5 Tips for Your Own Homeschool Success

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I’ll be the first to say, as a homeschool mom in her 8th year of teaching children at home, I am no expert.  However, I’d like to think I have learned a thing or two over these years.  I am also eager to learn more and more as I gain traction on this whole gig of school at home, and hope to never feel that I've arrived.  I hope to always feel that I have room to grow, mature, and learn.   

I want to share with you the things I have learned, though, because quite honestly they have been hard-earned.   I have spent more moments than I’d like to admit on my knees, on the internet (perusing self-help organizational tips, no doubt) and in my bathroom with the door locked; pretending I am in there for another reason other than just a bit of peace and quiet.  

So, without further adieu, my humble list of 5 tips for your own homeschool success:

1.     Your homeschool is not meant to mirror any other educational system; not any public school, private school, or that cool techy new charter school down the street.  It is also not meant to mirror the homeschool family you met at the local education co-op.   I've had people say that I should be a natural homeschool teacher, since I am a former elementary and middle school teacher.  For me, I almost think it made part of my transition harder.  Why?  I had to unlearn the formality of education. Seriously.  Six years ago, as an enthusiastic new homeschool mom, I hung up a flag, declared that school would begin promptly at 8am, and even devised a portion of the day to be set aside for recess.  I planned to (and did, for about a week) start each day with a formal recitation of the Pledge of Allegiance, and then instruct my children to sit on their bottoms for 2 hours straight, until there became a reprieve for recess at 10am.  It didn’t take long for me to figure out that that wasn’t going to work.  I’d like to be able to tell you that I figured out my groove the next day, but unfortunately, it did take a few years to actually convince myself that homeschooling is not a fragmented, compartmentalized portion of my days, but a change in our lifestyle.  A change, even, in my educational philosophy.  Is there anything wrong with hanging the American flag in your home?  No!  Absolutely not.  In fact, I encourage you to.  Is there anything wrong with knowing the flag salute, sitting on our bottoms, keeping on schedule, or having recess.  Nope, nothing wrong with those things either.  Was I trying to force a system that was far too controlled for our lifestyle?  Yes.  In order to find out what your family’s philosophy is, take a minute to write down the top three things that are important to your family.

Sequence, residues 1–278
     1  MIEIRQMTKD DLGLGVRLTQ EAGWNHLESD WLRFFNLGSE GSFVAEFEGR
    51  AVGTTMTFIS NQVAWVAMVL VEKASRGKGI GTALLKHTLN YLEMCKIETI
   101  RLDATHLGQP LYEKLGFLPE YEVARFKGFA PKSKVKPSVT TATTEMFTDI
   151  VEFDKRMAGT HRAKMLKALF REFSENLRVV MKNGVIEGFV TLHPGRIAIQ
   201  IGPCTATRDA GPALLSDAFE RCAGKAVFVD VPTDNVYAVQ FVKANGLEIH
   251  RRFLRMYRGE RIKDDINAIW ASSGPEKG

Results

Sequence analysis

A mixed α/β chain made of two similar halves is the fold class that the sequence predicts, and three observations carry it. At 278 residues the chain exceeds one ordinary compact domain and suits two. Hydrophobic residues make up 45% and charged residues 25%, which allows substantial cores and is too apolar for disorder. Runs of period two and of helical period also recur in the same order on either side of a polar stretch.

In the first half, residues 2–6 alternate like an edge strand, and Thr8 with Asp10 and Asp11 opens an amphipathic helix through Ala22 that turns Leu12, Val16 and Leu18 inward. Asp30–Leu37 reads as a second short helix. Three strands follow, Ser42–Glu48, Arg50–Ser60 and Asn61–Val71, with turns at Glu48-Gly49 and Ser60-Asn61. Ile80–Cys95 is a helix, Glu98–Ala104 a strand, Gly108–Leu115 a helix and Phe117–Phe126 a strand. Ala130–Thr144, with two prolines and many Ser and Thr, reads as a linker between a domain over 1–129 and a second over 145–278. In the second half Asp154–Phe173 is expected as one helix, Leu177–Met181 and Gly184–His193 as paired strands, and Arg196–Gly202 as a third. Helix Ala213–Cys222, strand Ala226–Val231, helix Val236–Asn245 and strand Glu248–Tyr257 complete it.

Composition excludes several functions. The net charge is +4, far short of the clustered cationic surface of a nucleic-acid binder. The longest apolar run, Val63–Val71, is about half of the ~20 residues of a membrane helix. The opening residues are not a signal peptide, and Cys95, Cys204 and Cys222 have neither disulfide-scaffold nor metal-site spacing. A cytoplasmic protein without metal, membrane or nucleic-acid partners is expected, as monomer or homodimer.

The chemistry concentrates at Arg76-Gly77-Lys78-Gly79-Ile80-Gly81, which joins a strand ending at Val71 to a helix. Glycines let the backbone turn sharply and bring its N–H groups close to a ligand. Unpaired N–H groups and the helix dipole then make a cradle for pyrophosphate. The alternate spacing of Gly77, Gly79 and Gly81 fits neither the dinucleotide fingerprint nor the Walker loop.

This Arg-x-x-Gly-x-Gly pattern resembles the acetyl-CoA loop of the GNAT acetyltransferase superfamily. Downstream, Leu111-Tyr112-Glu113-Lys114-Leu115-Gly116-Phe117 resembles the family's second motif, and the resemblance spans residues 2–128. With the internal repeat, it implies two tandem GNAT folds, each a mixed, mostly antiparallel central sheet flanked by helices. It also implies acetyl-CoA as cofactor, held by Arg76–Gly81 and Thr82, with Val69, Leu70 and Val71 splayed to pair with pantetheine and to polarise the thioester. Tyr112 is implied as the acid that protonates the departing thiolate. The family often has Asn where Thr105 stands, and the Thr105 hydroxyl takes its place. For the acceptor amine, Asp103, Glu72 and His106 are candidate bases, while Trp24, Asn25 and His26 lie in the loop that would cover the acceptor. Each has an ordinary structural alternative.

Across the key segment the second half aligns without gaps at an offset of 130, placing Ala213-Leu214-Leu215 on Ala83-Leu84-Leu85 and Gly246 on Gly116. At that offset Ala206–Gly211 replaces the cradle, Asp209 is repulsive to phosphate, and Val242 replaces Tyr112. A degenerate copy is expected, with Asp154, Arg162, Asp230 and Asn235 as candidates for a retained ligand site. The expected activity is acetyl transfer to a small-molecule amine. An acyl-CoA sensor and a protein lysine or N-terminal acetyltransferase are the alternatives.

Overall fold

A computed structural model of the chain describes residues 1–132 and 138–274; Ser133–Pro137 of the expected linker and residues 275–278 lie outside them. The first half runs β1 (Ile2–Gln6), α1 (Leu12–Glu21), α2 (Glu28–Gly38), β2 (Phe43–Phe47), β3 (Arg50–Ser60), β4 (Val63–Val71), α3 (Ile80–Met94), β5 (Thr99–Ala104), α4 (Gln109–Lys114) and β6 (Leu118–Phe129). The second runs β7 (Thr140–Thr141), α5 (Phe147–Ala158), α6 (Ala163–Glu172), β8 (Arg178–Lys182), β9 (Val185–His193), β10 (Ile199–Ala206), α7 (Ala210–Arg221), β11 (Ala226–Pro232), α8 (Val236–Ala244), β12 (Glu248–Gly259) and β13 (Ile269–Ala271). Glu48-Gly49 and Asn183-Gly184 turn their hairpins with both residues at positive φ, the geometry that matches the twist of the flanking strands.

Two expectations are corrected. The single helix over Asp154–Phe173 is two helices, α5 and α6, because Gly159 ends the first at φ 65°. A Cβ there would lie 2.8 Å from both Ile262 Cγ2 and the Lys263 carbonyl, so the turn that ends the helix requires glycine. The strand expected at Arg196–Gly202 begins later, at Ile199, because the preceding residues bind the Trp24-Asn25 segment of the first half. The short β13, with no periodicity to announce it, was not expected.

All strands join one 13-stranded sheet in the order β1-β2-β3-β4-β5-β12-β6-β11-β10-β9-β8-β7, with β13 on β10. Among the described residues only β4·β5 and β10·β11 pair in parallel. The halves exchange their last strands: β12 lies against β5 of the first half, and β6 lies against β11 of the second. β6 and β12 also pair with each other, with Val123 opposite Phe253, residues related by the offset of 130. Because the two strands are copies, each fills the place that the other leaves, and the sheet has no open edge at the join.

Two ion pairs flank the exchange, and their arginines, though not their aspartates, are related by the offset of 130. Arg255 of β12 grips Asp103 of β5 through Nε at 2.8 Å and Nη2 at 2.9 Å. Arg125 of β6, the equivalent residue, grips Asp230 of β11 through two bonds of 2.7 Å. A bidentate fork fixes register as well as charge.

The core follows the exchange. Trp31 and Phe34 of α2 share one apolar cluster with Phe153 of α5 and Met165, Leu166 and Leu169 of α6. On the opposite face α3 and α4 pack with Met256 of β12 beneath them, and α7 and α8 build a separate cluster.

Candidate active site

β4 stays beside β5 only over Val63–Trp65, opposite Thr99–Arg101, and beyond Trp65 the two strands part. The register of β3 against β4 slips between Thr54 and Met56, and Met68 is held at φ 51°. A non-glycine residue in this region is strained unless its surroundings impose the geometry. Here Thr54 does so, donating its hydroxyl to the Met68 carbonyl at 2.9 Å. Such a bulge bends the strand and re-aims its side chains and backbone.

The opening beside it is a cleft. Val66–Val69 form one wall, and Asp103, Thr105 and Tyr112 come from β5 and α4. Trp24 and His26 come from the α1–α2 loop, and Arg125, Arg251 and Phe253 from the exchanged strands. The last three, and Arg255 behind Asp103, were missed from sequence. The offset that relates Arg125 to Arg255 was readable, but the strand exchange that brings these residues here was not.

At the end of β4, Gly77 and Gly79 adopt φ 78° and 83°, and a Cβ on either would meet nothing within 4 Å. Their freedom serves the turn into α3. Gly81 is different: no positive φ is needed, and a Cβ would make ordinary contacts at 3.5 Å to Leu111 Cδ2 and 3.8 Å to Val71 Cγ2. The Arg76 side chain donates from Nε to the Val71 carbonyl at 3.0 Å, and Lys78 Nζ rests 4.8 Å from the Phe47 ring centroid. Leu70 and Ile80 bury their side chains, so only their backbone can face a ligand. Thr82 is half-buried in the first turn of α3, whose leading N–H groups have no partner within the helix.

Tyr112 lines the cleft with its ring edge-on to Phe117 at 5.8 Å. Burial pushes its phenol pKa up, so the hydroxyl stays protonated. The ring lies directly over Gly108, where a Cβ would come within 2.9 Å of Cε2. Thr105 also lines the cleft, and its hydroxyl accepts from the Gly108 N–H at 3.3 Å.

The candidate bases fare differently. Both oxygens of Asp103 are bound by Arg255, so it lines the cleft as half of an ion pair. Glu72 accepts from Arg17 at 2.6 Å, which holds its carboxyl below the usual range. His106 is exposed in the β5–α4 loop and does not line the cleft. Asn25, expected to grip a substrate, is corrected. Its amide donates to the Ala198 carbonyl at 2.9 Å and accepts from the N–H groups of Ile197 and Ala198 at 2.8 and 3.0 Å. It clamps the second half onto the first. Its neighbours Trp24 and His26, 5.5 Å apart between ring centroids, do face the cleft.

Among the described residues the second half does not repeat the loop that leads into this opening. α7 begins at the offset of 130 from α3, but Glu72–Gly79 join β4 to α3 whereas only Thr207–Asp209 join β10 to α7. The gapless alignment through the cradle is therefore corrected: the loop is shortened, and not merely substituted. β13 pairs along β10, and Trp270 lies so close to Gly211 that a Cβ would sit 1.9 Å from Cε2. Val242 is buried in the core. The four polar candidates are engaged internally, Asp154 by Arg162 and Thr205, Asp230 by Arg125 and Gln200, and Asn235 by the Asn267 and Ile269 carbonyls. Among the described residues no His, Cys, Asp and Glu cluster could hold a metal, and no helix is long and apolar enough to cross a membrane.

Ours is:  

1) Help our children find and refine their passion(s) in life and learning.  

2) Reading, Writing, Arithmetic.

3) Learn to serve others and love others in our family and in the community.  

Use your top priorities to fashion your own homeschool to fit your own lifestyle.  It may need some tweaking, it may take some evolving, but eventually you will find your groove by keeping your priorities front and center. 

2.    Listen to your children, and in turn model for them what it looks like to listen to you.  I remember vividly one day, my older daughter who was 9-years-old at the time, in a puddle of tears because she felt like she never had enough time to learn about the things she was truly interested in.  That alarmed me.  Really alarmed me.  My favorite part of homeschooling is the chance to help my children learn to love to learn and to follow their passions.  At that moment, I felt like I was failing her. I could have dismissed her, and told her that she needed to suck it up and keep chugging along.  (And truly, if I told her that, she would have agreed and kept working hard; she is a great student).  But instead, I earnestly looked at the changes we could make as a family.  Because of her insight, we have changed our school schedule.  I scrunch 5 homeschool days into 3 days, and have removed all “fluff,” or unnecessary work that the girls could choose to do on their own if desired. Yes, those 3 days are long, but not too long, and my children know that these long days mean more time to explore on their own 2 days during the week.  Mondays, Tuesdays, and Thursdays are spent pouring over our curriculum, while Wednesdays and Fridays are deemed, “Independent Learning Days” where they get to do things like: write, bake, play educational games, create, explore, and spend much anticipated hours with eye pressed to the microscope lens and a certain somebody’s bug collection.  This also works great for me since I work from home and need those hours to complete my work. One more thing:  My daughter has appreciated and noticed that I listened to her concerns about our homeschool schedule, and has much compassion when I have busy weeks.  She is quick to jump up and help me cook dinner, help with her little sister, and organize a cupboard.  I think that because I listen to her when she feels overwhelmed with school, she is quick to help when things get rough on my end.